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He Builds Popcorn Wagons For Fun
Making popcorn at Bob Anderson's shop is as pleasurable as eating it. The Chetek, Wis., man has a variety of restored and hand-built popcorn wagons to choose from, including a couple of rare horse-drawn Cretors wagons. The Chicago-based company was owned by Charles Cretors, who patented the process for popping corn in seasoned lard and butter oil in 1893, and added a popping unit to his peanut roasting carts. It wasn't long before popcorn had gained top billing.
  The wagons were hand-pulled, self-contained concession stands powered by white gasoline (Naphtha) to generate steam that ran a steam engine. The engine operated the popper, peanut roaster and even blew a crowd-attracting whistle. After 1900, larger Model C and Model D horse-drawn models allowed vendors to tow the wagon to events. A few other companies also sold popcorn wagons, but Cretors were the best known.
  "They were the most popular because they were built to last out of steel and wood. Other popcorn wagons were all wood so they wore out faster," says Anderson.
  The retired dairy farmer used to restore and build horse-drawn equipment as a side business. After retiring, he focused on building horse-drawn carriages for commercial use. "But I always wanted a popcorn wagon," he says. "I bought my first one 25 years ago. I restored it. When I sold my carriage business, I started restoring popcorn wagons for others and myself."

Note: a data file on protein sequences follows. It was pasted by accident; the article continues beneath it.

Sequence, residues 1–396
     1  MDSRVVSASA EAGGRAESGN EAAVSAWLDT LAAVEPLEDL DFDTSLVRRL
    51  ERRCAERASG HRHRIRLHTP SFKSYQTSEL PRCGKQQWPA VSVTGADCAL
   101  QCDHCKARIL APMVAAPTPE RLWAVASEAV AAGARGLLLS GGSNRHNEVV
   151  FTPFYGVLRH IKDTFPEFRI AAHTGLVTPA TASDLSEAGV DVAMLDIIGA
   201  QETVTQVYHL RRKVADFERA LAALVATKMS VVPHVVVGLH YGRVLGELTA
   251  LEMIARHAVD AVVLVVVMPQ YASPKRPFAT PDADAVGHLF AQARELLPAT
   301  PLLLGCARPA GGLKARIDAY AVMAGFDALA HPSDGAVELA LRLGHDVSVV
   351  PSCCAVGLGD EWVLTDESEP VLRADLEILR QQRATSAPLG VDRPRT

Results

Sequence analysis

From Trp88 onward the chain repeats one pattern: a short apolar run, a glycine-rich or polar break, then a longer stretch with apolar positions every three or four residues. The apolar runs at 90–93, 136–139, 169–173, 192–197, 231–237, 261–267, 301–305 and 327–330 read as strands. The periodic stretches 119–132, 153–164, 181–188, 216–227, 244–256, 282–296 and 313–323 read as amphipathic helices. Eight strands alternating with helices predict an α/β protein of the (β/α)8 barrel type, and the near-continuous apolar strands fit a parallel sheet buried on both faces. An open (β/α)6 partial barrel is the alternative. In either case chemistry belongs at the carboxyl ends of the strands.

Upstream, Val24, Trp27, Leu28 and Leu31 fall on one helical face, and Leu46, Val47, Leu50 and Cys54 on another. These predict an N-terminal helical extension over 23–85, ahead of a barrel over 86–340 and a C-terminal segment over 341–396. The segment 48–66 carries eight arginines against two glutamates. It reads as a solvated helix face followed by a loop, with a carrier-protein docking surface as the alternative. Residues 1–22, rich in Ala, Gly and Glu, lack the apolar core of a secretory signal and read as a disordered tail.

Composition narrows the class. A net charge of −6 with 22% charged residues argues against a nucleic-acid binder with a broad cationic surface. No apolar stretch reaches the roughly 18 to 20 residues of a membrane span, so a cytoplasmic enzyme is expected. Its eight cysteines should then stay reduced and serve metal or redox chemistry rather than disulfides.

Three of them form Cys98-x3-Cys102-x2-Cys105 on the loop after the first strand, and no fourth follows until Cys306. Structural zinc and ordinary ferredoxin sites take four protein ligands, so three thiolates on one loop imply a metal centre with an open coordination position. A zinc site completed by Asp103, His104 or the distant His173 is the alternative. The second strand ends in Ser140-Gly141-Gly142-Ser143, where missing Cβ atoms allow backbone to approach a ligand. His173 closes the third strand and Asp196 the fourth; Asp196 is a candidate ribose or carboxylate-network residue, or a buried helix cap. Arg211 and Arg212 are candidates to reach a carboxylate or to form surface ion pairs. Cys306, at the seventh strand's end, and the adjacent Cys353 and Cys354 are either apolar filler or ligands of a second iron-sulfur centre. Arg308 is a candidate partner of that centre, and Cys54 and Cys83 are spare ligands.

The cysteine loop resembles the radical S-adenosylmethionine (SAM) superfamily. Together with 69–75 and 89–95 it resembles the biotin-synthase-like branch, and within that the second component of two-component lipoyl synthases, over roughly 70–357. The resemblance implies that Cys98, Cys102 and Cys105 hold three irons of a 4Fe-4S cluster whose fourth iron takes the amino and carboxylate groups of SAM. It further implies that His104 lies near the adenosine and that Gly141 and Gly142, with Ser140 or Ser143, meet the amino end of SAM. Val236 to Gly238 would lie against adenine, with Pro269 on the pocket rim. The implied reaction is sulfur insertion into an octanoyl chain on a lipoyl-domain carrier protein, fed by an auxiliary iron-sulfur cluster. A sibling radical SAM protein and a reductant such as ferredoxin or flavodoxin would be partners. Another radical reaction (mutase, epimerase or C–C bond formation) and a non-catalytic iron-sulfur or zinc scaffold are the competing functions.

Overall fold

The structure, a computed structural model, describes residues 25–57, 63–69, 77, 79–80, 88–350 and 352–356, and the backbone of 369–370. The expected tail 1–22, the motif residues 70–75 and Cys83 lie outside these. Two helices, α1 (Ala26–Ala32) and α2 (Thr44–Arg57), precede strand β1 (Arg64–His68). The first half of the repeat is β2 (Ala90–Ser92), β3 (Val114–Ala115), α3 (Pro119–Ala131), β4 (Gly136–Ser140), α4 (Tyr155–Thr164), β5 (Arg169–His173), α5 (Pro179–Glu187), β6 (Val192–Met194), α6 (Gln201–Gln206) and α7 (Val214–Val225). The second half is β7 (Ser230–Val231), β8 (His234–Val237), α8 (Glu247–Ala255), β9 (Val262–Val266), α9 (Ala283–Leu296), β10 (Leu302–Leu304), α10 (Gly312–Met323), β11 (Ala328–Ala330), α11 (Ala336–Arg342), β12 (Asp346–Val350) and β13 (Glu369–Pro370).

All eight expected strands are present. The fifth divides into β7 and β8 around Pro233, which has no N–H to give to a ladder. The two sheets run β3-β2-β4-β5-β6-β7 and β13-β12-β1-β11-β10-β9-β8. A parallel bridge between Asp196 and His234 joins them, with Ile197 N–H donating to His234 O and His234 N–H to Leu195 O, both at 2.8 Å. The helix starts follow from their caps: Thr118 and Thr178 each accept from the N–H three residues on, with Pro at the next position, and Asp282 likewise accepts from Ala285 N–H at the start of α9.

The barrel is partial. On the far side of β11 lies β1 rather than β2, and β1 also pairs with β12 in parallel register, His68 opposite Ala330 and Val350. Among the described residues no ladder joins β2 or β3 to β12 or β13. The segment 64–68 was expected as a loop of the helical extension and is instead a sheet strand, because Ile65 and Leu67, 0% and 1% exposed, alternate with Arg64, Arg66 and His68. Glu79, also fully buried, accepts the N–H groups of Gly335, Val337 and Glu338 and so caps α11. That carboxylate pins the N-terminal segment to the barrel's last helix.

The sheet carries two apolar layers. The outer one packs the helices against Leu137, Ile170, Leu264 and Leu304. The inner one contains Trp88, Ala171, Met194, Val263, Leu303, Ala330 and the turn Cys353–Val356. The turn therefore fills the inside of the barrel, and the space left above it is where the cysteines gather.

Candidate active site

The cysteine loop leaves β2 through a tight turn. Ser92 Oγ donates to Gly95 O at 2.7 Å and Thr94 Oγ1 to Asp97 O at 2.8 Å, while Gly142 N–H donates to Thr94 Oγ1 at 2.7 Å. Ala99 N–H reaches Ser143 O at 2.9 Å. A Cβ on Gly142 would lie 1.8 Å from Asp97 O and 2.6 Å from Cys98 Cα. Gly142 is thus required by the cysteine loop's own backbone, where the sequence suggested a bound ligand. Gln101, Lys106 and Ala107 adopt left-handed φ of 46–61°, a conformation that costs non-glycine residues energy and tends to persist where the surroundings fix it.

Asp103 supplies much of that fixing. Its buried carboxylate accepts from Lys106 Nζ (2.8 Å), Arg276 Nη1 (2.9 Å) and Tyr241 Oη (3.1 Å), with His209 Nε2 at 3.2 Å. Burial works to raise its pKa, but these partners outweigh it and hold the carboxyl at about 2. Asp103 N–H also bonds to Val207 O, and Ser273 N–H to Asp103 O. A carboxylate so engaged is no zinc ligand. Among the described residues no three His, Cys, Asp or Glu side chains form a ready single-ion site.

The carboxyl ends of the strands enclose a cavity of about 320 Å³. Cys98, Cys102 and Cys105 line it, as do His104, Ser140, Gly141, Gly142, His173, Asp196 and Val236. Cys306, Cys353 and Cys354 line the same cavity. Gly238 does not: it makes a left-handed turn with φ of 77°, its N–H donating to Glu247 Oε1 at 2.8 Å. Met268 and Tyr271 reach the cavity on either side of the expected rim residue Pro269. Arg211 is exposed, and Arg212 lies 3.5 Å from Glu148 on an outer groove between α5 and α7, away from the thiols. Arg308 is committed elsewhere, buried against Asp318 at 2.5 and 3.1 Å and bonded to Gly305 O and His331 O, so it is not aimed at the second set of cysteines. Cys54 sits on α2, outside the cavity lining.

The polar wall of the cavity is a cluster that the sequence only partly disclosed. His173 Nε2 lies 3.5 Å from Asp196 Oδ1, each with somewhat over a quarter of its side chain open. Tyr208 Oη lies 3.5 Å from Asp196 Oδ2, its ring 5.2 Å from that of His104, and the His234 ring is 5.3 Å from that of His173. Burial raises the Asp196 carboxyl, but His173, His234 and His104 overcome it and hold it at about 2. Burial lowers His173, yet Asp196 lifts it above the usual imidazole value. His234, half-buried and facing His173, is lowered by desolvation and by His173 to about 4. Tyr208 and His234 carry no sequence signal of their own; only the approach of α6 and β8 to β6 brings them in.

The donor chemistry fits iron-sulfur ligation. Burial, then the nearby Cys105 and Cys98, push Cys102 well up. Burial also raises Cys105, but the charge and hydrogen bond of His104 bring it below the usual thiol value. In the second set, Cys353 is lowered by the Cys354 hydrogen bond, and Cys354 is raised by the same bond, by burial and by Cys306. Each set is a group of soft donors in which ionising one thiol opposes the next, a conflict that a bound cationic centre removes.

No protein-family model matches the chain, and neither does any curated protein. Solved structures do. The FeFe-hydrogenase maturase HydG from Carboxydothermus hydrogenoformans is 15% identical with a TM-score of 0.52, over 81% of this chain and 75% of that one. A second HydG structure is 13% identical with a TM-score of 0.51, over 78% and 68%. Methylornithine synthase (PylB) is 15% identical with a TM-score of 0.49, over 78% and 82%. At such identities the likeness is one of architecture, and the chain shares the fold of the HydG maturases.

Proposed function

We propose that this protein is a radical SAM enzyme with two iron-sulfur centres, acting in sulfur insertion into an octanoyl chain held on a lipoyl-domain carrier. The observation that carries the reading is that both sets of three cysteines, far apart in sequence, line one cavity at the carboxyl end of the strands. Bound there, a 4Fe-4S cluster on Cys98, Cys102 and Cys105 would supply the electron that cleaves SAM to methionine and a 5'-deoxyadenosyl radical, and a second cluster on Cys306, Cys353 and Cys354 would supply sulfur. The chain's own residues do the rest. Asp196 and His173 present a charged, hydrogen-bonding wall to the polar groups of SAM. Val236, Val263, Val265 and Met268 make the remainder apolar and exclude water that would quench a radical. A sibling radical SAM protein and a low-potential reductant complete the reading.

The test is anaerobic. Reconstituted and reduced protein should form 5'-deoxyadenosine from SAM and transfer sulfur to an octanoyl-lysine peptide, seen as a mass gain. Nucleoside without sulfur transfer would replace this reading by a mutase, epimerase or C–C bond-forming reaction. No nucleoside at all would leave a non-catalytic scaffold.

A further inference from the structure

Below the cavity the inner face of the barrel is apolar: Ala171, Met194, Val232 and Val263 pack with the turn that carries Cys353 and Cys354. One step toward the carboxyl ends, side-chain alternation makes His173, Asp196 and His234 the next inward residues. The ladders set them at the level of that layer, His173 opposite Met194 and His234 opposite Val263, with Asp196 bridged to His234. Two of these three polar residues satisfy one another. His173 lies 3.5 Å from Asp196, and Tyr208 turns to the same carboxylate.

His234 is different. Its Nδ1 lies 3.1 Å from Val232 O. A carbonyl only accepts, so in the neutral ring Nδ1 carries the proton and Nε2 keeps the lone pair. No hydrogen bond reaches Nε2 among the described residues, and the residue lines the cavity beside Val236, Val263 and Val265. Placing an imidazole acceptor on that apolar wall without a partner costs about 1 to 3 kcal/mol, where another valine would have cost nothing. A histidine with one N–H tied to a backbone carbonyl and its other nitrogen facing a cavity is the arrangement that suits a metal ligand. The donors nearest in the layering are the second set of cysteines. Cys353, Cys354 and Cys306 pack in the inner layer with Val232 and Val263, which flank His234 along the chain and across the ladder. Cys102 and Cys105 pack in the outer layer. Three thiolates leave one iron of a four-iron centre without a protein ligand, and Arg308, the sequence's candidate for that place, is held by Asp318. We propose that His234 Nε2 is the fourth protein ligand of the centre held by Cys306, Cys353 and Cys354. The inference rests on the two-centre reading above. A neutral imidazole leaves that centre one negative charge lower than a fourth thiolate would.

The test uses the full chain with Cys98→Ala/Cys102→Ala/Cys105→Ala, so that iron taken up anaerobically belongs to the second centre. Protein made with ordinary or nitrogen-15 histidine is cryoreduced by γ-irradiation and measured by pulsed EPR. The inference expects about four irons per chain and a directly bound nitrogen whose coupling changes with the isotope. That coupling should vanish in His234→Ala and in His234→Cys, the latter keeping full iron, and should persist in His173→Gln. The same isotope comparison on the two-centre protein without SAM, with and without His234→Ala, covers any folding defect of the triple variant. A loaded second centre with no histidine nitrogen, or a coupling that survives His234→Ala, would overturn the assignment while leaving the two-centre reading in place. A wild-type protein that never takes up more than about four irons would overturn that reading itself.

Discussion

Like the early 1900's, some of his buyers use them for vending businesses, while some buy them for collections or as an investment. Others buy them to simply enjoy and pop popcorn for family and friends.
  Anderson has old parts and machines to restore full-size popcorn wagons and to build 1/3 and 1/2-scale models. He uses original restored wagons for patterns, but instead of the gas-fired poppers, he installs hanging electric poppers in the wagons. He uses oak wood and makes the doors and windows, but contracts with others to paint and do the upholstery work.
  Besides wagons, he has also restored a popcorn truck, which was more expensive and complicated since he had to overhaul the truck and rebuild the frame. Depending on the complexity and model, he sells his popcorn wagons and trucks from $1,800 to $35,000.
  "They're all challenging and fun. I wouldn't do it if I didn't enjoy it," says Anderson, who is 81.
  He has a personal collection of restored antiques and replicas including buggies, pedal cars and sleds. He has enough projects to last him about a year, including restoring a horse-drawn hearse, a miniature milk wagon - and more popcorn wagons.
  Contact: FARM SHOW Followup, Bob Anderson, 1021 23rd St., Chetek, Wis. 54728 (ph 715 924-3820; bobent@chibardun.com).

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2008 - Volume #32, Issue #6